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"Aside from Scanlon’s trapeze acrobatics, her acting — she also sings and plays oboe — makes Ariel compelling on its own. Her facial expressions, in particular, communicate a gamut of emotions, while her voice — on line delivery and as a singer — is as flexible as her body at making Ariel’s meaning clear.

Cirque du Shakespeare may be the best — and easiest — shorthand description for the production, but it only hints at what Hyler accomplishes with “The Tempest." With his seamless blend of the physical and the verbal, he gives NDSF a complete and emotionally compelling “Tempest” on multiple levels. It is the rare production worth seeing twice."  –South Bend Tribune

"...make no mistake that this production of The Tempest is like no other. The amazing production quality alone should entice you to see this visual masterpiece, however, the acting is also equally astonishing."   –Broadway World

Notre Dame Shakespeare Festival's production of The Tempest named in Broadway World's Regional Roundup

"Scanlon is someone who can spend nearly two hours beautifully suspended above the stage on a metal bar trapeze. While I talk in the lobby with Hyler, she passes by with a heavy backpack. When she finally sits down without it, I ask her about the demands of her role..." –Notre Dame Magazine

"Scanlon embodies a tense and not quite right in the head woman who could easily do harm to someone due to her own unfounded fears. This is in contrast to the very grounded, very sharp, and rightly fearful woman who she plays in Jacqmin’s script two plays earlier. Scanlon and Simon both show impressive range in a short period of time." –Theatre By Numbers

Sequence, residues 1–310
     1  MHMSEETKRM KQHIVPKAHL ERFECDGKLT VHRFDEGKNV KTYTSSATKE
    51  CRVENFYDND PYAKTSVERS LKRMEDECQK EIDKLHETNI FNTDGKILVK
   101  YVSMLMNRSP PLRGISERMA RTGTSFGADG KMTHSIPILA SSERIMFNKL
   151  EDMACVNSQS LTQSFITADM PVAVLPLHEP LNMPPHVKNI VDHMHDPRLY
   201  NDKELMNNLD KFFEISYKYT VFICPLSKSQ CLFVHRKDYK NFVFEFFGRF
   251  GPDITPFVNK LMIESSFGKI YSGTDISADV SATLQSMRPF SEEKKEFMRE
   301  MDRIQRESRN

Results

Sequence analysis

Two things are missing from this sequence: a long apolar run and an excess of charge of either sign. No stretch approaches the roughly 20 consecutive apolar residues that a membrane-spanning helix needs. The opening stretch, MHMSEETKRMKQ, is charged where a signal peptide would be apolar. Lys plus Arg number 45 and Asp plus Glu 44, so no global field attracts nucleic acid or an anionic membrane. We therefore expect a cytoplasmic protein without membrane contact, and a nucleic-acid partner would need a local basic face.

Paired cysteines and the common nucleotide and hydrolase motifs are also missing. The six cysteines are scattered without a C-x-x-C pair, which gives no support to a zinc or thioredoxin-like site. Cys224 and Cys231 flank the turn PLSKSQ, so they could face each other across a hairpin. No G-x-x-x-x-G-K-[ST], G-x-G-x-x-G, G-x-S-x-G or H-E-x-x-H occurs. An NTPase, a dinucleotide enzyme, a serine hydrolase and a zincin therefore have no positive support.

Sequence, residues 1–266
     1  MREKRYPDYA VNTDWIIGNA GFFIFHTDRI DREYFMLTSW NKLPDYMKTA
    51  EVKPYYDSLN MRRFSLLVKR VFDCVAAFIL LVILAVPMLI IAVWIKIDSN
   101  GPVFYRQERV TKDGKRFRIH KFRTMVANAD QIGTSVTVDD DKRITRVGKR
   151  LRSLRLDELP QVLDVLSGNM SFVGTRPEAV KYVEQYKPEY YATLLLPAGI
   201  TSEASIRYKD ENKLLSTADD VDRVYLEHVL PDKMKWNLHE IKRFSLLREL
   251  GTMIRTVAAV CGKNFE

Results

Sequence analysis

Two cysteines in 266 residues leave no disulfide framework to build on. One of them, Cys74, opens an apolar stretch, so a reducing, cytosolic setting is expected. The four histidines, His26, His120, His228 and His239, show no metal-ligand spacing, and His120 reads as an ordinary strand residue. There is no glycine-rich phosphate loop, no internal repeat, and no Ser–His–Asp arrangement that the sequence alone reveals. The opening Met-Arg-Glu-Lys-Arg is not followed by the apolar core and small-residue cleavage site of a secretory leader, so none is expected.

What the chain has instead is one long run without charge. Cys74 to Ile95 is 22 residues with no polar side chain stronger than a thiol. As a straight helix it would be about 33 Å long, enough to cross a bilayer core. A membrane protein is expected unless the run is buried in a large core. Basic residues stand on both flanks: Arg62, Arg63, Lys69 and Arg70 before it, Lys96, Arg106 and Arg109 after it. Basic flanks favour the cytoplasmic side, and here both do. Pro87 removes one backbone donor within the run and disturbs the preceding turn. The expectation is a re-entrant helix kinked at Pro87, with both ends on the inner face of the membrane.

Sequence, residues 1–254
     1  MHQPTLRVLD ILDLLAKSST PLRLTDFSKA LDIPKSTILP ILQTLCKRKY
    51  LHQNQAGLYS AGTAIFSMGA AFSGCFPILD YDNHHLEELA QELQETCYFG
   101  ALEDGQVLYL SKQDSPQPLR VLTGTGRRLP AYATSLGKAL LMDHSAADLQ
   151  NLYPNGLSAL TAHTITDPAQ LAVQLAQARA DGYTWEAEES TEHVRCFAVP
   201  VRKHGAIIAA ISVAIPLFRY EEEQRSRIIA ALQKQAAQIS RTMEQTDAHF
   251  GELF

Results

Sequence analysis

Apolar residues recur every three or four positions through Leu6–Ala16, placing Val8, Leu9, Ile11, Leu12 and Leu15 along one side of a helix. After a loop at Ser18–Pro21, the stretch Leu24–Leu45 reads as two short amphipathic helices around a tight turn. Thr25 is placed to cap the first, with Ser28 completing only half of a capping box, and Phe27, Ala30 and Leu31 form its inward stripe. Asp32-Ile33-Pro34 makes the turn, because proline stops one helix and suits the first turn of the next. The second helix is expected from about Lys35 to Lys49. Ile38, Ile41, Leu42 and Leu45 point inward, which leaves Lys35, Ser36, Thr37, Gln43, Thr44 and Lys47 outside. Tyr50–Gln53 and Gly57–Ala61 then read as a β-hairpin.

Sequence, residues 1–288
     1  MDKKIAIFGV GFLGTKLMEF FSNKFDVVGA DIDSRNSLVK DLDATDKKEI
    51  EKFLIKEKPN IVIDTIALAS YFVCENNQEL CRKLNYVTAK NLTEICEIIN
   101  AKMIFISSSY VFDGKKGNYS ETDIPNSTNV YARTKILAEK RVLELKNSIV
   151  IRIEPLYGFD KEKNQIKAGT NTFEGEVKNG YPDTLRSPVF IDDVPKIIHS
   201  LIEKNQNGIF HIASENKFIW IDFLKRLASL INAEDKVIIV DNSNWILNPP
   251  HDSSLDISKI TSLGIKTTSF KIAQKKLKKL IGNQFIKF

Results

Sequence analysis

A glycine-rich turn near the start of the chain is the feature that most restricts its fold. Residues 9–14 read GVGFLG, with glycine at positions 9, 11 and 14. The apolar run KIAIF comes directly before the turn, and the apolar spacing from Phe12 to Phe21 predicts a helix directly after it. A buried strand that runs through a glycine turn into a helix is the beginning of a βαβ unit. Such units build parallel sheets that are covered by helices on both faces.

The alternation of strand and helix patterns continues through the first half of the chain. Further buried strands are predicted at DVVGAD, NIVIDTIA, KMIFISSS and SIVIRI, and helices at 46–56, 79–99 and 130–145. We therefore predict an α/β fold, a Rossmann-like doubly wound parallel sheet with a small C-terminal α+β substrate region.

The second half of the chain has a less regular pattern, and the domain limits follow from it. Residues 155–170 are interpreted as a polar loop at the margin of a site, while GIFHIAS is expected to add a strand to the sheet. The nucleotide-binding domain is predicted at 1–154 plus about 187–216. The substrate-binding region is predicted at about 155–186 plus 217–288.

“Sarah Scanlon's intimacy choreography makes the sexual moments effectively explicit but not graphic, leaving some things to the imagination under those layers of clothing.” - Jonathan Abarbanel, Windy City Times

"Intimacy Choreographer Sarah Scanlon brought a playfulness and sensuality to the physical relationships of the play, bringing Lister’s rememberings onto our physical plane. Through the highs and lows of the play, the relationships that these characters have to each other crystallize into a complex web of attachment and loneliness." - Lucas Garcia, Rescripted

"One might squirm at the thought of sitting in a silent theater, staring at two actors staring at each other for four full minutes. My nervous anticipation was real, and when the staring finally happened, you could hear every sniffle and throat-clearing in the Underground Collaborative theater. The audience was riveted - or, at least, very respectful to the courage of these two actors." - Kelsey Lawler, Broadway World

"The level of intimacy between Merryn and Wyatt feels like something you shouldn't be witnessing, and the enclosed space of the UC heightens that sensation." - Mary Boyle, Ozaukee Living Local

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